According to a youth in the Marina beach, those who were near the water or lazing on the sand had no chance of escape as a sheet of water came well up to the road, several metres away, tossing an Ambassador car out of its way. The Marina, the second longest beach in the world, after black Sunday, will never be able to live down its sobriquet of a watery grave.

"It all happened in a matter of minutes. I just completed repairing my nets and the next moment water gushed in," recalls a fisherman at Thiruvanmiyur beach in Chennai.

Adds hardware vendor Dax Networks Limited's director Deepak Mirza whose house opens on to the beach in Thiruvanmiyur, "I heard a deafening crash. My wife who was watching the sea from the first floor called out saying that the see was coming in."

At Thiruvanmiyur, the sea was seen playing a tantalising game, luring in people to their death. After gushing in initially, the sea receded to its normal level. And, suddenly it began to recede further and further as if being sucked in by some mighty force back where it came from.

With the sea having receded completely leaving behind a long stretch of sand that earlier used to be always submerged, people started moving forward on the exposed stretch of sand. And, suddenly, within minutes the waves rushed back with renewed vigour to reclaim what they had vacated. In panic, the people rushed back to the safety of land, hotly pursued by the sea. Fortunately, no lives were lost.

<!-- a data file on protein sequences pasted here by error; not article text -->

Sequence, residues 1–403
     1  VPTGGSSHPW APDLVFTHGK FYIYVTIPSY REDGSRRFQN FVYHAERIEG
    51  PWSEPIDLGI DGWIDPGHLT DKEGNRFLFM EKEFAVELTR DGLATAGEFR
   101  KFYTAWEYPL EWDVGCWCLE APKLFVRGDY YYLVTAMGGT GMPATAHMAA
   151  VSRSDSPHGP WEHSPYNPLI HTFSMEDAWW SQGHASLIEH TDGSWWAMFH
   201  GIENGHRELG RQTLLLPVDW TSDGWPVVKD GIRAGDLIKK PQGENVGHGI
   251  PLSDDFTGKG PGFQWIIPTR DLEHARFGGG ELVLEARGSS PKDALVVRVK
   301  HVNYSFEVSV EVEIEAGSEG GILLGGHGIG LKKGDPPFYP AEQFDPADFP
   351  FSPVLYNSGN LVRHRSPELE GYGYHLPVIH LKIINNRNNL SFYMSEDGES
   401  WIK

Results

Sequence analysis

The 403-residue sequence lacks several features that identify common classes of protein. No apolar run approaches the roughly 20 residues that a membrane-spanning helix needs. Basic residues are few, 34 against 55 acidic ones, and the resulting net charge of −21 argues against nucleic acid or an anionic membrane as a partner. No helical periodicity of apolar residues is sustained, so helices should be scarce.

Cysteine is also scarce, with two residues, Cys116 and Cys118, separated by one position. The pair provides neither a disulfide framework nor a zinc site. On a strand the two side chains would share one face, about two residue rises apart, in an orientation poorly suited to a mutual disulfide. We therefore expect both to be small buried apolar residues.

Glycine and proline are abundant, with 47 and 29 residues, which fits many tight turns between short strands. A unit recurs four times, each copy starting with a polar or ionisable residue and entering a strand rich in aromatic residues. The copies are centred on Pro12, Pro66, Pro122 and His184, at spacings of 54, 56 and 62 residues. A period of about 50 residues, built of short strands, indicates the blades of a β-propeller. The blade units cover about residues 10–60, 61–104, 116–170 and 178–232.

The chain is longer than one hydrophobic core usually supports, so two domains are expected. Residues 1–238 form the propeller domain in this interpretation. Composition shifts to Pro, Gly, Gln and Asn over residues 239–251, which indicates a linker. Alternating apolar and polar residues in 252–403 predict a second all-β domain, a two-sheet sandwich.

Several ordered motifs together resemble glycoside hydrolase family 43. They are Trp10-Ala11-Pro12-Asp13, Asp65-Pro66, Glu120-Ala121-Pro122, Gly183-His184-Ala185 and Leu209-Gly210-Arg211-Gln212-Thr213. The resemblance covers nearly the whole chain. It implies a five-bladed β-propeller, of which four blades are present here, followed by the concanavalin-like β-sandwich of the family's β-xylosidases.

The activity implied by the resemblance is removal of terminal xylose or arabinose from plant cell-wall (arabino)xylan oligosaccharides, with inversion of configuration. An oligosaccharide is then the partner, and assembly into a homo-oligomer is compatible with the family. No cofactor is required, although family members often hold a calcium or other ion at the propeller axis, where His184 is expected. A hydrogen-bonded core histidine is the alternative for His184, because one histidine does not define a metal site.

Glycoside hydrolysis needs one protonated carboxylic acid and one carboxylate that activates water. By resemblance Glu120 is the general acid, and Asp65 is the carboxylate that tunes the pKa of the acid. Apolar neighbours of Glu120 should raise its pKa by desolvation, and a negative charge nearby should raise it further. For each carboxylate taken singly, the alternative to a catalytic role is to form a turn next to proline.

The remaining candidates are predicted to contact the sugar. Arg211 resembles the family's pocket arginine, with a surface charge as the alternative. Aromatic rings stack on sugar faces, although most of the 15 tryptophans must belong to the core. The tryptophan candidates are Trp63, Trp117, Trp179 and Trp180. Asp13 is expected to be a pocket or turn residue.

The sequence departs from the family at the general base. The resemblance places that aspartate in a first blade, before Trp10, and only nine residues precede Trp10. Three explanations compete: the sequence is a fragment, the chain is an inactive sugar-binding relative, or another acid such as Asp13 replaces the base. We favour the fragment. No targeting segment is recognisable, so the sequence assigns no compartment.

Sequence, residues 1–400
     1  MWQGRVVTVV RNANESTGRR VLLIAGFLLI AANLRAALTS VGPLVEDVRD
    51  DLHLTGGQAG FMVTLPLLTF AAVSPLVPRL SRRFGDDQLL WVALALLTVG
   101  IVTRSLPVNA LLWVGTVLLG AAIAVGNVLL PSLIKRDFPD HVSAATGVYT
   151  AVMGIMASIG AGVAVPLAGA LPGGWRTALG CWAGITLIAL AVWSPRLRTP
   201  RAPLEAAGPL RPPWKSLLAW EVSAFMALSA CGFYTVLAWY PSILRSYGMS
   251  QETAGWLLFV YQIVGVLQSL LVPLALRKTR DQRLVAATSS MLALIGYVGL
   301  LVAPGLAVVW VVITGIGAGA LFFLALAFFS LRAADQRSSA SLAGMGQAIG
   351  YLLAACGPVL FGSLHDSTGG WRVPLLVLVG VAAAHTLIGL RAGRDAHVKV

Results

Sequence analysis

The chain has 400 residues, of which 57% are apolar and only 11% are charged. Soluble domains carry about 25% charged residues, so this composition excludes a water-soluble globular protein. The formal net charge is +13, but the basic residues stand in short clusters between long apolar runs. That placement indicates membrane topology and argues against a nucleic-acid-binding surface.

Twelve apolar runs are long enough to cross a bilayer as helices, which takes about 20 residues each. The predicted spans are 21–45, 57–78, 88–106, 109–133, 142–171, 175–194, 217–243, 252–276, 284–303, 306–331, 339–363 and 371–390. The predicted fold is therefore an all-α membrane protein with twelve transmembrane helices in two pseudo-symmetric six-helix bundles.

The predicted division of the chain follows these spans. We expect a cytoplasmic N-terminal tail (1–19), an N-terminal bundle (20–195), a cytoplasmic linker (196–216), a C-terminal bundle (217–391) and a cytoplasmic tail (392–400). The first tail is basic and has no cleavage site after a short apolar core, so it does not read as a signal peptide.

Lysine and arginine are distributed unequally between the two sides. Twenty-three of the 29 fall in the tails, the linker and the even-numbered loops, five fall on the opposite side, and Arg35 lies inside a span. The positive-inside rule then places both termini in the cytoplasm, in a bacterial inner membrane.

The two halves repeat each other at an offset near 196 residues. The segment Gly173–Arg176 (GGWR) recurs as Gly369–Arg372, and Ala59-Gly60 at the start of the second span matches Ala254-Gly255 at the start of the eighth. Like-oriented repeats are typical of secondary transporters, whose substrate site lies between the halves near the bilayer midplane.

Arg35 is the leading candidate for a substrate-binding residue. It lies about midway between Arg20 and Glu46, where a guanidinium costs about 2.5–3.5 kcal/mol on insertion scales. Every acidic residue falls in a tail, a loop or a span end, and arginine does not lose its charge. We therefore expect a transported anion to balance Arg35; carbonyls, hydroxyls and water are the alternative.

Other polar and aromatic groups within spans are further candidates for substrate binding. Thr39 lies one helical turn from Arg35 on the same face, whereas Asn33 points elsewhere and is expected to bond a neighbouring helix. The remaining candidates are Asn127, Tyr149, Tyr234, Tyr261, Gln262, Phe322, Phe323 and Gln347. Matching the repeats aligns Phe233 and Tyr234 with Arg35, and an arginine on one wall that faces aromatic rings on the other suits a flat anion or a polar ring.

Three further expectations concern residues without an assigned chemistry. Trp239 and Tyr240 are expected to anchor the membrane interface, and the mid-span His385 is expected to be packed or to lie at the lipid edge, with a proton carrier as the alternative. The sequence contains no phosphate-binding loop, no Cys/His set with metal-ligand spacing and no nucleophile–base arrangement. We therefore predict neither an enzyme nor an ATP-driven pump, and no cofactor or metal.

Meanwhile, hundreds of people who have lost their homes in Chennai are now staying in the Chennai Municipal Corporation schools and other buildings. Many also live on the roads with whatever pitiful belongings they could salvage from the water.

In Nagapatinam the death toll exceeded 700, in Cuddalore over 300. In Kanyakumari and Pondicherry the loss of lives is estimated to be over 100 and 50 respectively. According to reports, around 700 tourists were stranded in the Vivekananda Rock while rescue efforts are underway.

Tamil Nadu chief minister J Jayalalithaa made an ariel survey of the affected areas and visited the two government hospitals in Chennai. She also announced a government grant of Rs1lakh to the survivors' families.

Next to Tamil Nadu it is coastal Andhra Pradesh that suffered the most, with over 200 dead. In Kerala over 110 people are believed to have lost their lives in the coastal districts like of Kollam, Allepey and Ernakulam.

Similarly in the Andaman and Nicobar Islands around 30 people lost their lives and more than hundred were injured; the islands experienced repeated tremors all day.